- Best Business Practices for Photographers
- The Fast Track Photographer Business Plan: Build a Successful Photography Venture from the Ground Up
- Commercial Photography Handbook: Business Techniques for Professional Digital Photographers
- Tabletop Photography: Using Compact Flashes and Low-Cost Tricks to Create Professional-Looking Studio Shots
- Low Budget Shooting: Do It Yourself Solutions to Professional Photo Gear
- Starting Your Career as a Freelance Photographer
- Photographer's Survival Manual: A Legal Guide for Artists in the Digital Age
- Legal Handbook for Photographers: The Rights and Liabilities of Making Images
- Taking Stock: Make money in microstock creating photos that sell
- Going Pro: How to Make the Leap from Aspiring to Professional Photographer
Most digital photography businesses tend to grow from a kernel of interest in photography to an enthusiasm to a pursuit of the technical knowledge to a confidence that one’s skills and products can compete in the marketplace. This is often where the budding photographer confronts his or her first real challenge: you may be able to deliver the goods, but are you prepared to operate a business, regardless of what kind? Providing the service is the easy part (if you know your craft as you think you do); managing schedules, money, clients and maybe assistants requires an entirely different set of skills.
A primary advantage of starting a photography business, compared to a restaurant, drycleaners or auto parts franchise, for example, can make this first challenge much smaller because you can start very small, part-time, only on weekends. You have a tremendous amount of flexibility in terms of the size of a photography business operations, while owning a restaurant or other retail establishment requires plenty of capital and a full-time/overtime commitment. Nearly all of the initial capital of a photography business is equipment. Without professional-grade cameras, lenses, lighting, etc., you’re already at a disadvantage.
Other costs will depend on what kind of photography services/products you want to market. Portraits generally require a studio or the equipment to create a studio setting in a person’s home or office. Offer wedding photography services and you’ll probably need to invest in some appropriate clothing. Shoot sports, action and/or nature and you may need a different kind of wardrobe and other equipment for travel, or hiking through the backcountry. You may also need to add equipment to your computer/editing system, such as a bigger monitor, software and other editing tools.
Develop Your Plan
All these various components and thoughts about starting a photography business should be gathered and documented in a business plan. There are many business plan aids and examples available to help you write your own. At the level of a starter photography business, a business plan doesn’t need to be elaborate and lengthy, but a few sections of accurate, thorough and concise information.
The first section explains why you want to start the business, what kind photography products/services you’ll offer, why you think those are the right ones, etc.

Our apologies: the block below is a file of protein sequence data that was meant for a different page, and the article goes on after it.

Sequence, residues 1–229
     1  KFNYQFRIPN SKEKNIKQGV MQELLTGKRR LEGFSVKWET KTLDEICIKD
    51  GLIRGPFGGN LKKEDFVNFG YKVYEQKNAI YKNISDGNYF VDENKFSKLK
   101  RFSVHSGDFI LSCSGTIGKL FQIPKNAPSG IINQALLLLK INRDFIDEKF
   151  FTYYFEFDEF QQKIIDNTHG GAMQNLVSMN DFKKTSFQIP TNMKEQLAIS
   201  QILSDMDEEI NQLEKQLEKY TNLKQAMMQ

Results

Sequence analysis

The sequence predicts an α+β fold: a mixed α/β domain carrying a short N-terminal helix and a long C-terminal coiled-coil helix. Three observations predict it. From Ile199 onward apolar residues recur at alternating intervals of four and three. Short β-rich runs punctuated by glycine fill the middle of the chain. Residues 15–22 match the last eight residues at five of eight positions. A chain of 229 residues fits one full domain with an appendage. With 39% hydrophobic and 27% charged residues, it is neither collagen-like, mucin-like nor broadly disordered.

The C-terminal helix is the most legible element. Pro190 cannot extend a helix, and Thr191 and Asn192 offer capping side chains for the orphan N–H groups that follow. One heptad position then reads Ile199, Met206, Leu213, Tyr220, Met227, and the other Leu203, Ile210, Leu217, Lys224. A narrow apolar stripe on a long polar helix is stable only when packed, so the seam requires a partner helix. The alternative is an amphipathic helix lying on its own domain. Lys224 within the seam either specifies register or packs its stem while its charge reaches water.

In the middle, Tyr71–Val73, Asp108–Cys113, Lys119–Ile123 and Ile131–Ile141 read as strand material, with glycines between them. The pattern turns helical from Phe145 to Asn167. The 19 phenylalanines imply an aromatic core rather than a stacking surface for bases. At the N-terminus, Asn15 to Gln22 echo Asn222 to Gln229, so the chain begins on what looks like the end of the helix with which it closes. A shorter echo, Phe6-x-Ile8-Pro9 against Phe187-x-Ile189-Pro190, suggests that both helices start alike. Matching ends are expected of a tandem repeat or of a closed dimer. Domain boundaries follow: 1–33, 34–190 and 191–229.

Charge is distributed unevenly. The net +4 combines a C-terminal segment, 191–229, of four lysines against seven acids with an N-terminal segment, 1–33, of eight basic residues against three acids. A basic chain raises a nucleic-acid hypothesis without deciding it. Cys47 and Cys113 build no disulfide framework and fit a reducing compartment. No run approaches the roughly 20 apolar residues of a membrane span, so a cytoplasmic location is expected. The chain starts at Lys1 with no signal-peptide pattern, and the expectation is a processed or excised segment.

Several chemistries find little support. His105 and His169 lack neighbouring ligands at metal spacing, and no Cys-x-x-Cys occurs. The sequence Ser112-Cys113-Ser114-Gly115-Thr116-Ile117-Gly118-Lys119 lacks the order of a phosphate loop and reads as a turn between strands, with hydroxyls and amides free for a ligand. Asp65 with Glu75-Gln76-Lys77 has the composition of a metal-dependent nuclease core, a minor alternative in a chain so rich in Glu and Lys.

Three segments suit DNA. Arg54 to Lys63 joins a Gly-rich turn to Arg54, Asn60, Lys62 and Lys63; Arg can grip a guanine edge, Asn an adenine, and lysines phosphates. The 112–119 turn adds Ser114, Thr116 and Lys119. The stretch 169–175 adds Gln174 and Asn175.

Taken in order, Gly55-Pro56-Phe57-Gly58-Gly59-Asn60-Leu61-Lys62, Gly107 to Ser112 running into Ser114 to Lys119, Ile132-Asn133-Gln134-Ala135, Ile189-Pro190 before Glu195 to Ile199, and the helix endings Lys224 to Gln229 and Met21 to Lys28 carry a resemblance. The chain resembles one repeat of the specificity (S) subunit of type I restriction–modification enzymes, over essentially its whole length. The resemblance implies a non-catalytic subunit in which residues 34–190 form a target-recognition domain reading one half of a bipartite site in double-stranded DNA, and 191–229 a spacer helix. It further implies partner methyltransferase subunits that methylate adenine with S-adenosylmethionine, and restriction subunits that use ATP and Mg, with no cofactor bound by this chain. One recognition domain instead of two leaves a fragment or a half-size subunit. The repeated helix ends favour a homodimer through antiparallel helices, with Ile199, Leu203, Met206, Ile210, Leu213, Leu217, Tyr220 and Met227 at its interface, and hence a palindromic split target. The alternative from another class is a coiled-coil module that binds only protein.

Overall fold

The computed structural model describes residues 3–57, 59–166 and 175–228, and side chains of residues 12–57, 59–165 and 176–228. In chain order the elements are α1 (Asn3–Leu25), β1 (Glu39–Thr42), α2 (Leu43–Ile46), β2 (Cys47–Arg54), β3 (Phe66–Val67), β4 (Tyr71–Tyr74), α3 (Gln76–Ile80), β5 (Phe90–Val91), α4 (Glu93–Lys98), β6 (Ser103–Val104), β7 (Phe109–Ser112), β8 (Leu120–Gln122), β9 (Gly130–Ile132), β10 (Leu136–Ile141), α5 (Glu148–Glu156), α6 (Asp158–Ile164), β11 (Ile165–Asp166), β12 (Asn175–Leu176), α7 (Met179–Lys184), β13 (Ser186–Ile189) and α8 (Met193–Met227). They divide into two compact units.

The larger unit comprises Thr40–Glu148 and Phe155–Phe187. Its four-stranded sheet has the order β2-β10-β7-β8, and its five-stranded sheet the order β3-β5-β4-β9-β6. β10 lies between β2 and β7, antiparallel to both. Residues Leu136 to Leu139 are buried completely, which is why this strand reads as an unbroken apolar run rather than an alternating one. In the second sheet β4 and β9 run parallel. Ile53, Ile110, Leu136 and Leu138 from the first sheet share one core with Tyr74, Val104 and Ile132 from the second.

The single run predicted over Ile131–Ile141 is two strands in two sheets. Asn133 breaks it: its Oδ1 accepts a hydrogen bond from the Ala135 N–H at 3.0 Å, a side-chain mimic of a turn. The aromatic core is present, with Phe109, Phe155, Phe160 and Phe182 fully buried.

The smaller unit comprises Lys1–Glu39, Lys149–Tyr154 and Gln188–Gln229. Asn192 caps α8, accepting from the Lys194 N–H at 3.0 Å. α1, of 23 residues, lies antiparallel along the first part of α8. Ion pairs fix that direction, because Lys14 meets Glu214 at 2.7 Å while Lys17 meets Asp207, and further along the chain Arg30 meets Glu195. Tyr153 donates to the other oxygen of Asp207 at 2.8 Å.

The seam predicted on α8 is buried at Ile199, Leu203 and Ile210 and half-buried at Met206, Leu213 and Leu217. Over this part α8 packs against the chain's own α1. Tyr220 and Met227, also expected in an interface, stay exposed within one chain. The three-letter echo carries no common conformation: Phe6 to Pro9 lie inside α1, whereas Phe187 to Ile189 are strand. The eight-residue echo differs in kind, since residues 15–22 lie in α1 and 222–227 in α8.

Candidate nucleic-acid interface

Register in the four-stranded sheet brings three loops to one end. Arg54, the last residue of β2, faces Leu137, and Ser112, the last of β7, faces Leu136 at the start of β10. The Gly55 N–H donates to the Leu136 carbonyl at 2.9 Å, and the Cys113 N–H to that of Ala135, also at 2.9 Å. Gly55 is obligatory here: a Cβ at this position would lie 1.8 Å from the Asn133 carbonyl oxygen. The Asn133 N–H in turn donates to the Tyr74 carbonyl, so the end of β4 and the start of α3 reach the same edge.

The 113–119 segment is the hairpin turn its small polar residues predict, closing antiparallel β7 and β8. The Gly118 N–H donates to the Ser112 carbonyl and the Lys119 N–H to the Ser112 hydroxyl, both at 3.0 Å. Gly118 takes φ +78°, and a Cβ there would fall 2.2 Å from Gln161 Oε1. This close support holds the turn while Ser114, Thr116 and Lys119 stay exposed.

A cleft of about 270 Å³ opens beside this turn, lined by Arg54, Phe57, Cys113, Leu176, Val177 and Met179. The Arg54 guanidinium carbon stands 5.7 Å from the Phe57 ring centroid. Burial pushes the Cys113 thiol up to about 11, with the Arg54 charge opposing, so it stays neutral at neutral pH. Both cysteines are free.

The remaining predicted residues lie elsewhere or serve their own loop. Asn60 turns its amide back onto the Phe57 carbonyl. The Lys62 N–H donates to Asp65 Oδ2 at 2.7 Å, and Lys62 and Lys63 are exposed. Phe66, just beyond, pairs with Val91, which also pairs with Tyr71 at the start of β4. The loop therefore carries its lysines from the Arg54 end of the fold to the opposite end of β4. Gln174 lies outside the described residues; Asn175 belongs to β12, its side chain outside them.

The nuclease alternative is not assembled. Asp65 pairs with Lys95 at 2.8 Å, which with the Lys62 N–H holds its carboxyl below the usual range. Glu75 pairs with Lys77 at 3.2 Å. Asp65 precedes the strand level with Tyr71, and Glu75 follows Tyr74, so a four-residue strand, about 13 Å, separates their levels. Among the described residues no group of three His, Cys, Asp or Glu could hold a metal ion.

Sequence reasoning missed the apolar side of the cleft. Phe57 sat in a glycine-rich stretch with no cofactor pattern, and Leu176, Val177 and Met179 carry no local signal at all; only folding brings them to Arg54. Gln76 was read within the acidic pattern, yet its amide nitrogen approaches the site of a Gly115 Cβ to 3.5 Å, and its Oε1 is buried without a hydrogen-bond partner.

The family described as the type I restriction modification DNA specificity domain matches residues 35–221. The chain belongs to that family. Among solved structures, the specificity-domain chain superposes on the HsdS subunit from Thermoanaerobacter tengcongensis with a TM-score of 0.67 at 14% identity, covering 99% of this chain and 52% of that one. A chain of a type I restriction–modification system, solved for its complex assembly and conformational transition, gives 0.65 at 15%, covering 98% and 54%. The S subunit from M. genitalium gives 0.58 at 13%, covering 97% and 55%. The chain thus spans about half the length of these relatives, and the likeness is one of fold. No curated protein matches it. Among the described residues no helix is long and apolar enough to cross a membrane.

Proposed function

The second section is your marketing plan, in as much detail as possible, including schedules and costs.
The third section is an accounting of the equipment you must buy and overhead projections. Once you develop those projections, add 20% because you know they will cost more than you estimate. Then, balance those debits against your best estimates of the revenue/income you can generate during the first month, first six months, first year, second year, first five years, etc. Conversely, you should probably subtract 20% from these projections, as a reality check.
The fourth section could list your credentials, photography education, awards, testimonials from clients you’ve already served as a semi-pro, etc.
Again, the Internet is filled with information about to organize and write a business plan.
Education Your Business Self
Yes, you want to shoot pictures all day and have people pay you for them; but the reality is business knowledge, well implemented, will always be more important to your success. You don’t need a masters in business administration from Harvard or any other business degree. There are a myriad of resources to help you develop an entrepreneur’s mindset, learn the marketing strategies and tactics that have proven to work, customer retention techniques and long list of other skills that even the smallest business owner should know and use. You can find them on the Internet; in the thousands of business books, CDs, DVDs and seminars; local colleges; local business development groups; and the U.S. Small Business Administration.
Create a Success Team
No doubt, your family and friends will cheer your entrepreneurial spirit and be your biggest promoters, even customers. Maybe more important to your long-term success is to gather a team of professionals because you can’t run even the smallest business totally alone. These include a mentor who could be a successful small business owner of any type or a local photographer that doesn’t mind creating competition; maybe he or she is ready to retire. Select an attorney and an accountant. Ask your insurance agent about any business insurance you should have. Find a reliable photo assistant you can pay by the hour or day, if you need him or her.
If you follow these preparatory steps (and any others your success team may recommend), then you’ll be able to concentrate on finding clients and shooting photos from the very first day.